THE IN-HOUSE INTERVIEW
When interviewing at law firms, you meet with attorneys almost exclusively. However, when looking in-house, expect to interview with people at various levels of the corporate hierarchy and from different departments. Your initial interview may be an in-person or phone screening with a member of the human resources department. Next, someone from the legal department vets you for skills and fit. You may or may not meet the general counsel during the process, depending upon the size and structure of the legal department and the company itself. You’ll probably interview with executives or members of other business departments with which you’ll interface if hired.
The attorney-conducted interviews cover your legal skills, much like for any law firm job. People from the business side, however, want to know what you can do to grow the company. Show them you’ve thought about their business goals, their legal problems and how you’d approach a solution. Executives want to hear how you can help them keep legal costs down. In the business world, solving legal problems quickly and cheaply is paramount.
Discuss how each entry on your résumé relates to the company’s legal needs. If the job description highlights specific competencies, note a few examples of work you’ve done utilizing those skills or in those practice areas. Highlight instances when you showed the intangible attributes that corporations seek, and briefly relate relevant stories.
For more senior in-house positions, you’ll need demonstrable management skills. Show you can delegate responsibility and provide feedback, and recruit, mentor, and develop talent for current and future roles—and, possibly, fire people. Discuss experience in making and managing legal budgets. If you don’t have experience with people directly reporting to you, cite project team leadership, firm committee chair responsibility, and key roles in professional and community organizations.
You must convey your understanding that the priorities and mindset for an in-house position are different than what’s required in a law firm. Express a willingness to roll up your sleeves and do whatever work is necessary. You probably won’t have a cadre of junior associates, paralegals, and 24-hour support staff at your beck and call. While it’s appropriate to ask whom the company uses as outside counsel, don’t ask how much work is farmed out. You’ll risk appearing to seek a cushy job where you primarily supervise outside lawyers. Assume you’ll be doing the heavy lifting, and discuss your desire and ability to do so.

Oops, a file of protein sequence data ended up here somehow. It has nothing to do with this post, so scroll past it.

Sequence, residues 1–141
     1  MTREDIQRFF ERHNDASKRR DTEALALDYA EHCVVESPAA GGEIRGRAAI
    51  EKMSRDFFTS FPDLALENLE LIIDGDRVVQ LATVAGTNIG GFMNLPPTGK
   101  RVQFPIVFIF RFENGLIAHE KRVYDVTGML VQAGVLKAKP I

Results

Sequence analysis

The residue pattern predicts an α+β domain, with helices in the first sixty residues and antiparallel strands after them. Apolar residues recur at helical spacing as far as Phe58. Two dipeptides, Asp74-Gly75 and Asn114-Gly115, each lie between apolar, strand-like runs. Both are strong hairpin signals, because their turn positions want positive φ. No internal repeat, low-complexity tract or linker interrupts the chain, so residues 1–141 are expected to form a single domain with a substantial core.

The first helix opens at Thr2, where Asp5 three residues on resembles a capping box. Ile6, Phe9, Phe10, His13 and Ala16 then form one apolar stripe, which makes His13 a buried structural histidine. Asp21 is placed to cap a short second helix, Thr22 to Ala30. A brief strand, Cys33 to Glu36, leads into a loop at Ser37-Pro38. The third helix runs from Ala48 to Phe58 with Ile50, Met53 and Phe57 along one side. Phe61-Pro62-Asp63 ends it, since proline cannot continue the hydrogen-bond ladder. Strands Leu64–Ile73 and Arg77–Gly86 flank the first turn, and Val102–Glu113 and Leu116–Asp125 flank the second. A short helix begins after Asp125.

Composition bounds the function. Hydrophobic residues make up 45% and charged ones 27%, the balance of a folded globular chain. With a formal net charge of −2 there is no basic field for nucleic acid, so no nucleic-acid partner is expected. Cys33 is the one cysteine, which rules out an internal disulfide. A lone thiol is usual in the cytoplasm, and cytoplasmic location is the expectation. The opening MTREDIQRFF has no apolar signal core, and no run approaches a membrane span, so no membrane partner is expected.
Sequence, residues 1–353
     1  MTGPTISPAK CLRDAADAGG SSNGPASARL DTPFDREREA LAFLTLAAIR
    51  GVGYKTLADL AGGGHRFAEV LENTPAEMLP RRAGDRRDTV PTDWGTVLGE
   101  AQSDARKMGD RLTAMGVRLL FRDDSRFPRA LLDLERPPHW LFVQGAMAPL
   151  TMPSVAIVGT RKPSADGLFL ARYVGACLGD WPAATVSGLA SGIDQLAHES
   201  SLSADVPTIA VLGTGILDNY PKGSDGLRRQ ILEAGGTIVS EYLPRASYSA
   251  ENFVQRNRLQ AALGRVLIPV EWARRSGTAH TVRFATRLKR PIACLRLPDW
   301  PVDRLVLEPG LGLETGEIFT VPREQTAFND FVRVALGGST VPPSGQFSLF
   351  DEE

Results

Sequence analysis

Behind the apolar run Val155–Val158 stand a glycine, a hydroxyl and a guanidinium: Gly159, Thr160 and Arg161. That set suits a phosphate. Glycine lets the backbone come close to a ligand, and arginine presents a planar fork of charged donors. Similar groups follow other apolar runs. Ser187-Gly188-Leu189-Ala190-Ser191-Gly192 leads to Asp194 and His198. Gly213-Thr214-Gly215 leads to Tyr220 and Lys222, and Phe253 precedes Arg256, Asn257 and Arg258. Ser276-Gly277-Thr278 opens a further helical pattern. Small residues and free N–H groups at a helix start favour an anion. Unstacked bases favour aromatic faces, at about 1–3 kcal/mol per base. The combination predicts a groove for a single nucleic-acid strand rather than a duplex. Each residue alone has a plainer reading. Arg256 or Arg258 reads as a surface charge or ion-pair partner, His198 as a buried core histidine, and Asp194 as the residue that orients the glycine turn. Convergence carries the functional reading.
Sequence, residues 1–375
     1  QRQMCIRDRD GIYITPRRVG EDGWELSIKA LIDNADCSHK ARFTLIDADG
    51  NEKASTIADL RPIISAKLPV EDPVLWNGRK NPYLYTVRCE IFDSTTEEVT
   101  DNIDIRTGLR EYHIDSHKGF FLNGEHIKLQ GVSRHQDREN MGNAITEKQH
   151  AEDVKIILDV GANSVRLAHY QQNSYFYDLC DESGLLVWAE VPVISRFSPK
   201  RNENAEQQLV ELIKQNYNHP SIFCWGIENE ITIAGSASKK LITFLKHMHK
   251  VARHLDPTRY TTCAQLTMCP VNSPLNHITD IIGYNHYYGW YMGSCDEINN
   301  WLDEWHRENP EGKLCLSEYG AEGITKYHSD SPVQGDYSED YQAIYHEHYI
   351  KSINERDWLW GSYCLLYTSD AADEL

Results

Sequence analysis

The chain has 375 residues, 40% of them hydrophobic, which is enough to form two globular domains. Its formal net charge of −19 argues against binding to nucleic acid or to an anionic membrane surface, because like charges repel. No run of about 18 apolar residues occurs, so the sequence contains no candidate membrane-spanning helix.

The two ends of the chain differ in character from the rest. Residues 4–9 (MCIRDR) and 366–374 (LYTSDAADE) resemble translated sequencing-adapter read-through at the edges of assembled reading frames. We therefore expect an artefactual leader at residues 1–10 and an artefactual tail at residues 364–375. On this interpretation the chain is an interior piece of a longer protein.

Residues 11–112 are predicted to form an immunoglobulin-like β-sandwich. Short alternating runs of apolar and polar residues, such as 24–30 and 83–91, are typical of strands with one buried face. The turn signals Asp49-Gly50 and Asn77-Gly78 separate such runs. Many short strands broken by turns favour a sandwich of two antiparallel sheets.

The trickiest question you’ll encounter when transitioning from law firm to in-house is why you want to make the move. Never say you’re looking for a “lifestyle change”! While it’s true that jettisoning billable hours and rainmaking pressures are attractive features of the switch, corporate counsel understandably are wary of anyone who signals a desire for an easier job. Better ways to answer that question include:
The opportunity to work for one client, rather than many.
A more varied workload and involvement in transactions from conception through completion.
A chance to develop a thorough understanding of their business in order to create strategies and solutions that make long-term sense for the company, not just for a particular matter.
Your research into litigation or deals involving this company reveals legal issues you find stimulating and a good fit for your substantive experience.
You want to be part of a team or organization with the ultimate purpose of (fill in product or service the company provides), and give a compelling reason why it’s important to you. Note, however, that demonstrating artificial passion about the business might get you hired, but real interest in their mission will make you happier on the job.
The biggest difference between working for a law firm versus a corporate law department is your role in the business enterprise. When practicing in a law firm, you’re a revenue generator since the firm’s business is law. As an in-house lawyer, you’re part of overhead because you’re not engaged in producing the product or service the company sells in the marketplace. With that in mind, you can better portray yourself as the ideal candidate in an in-house interview.
Source: Corporate Counsel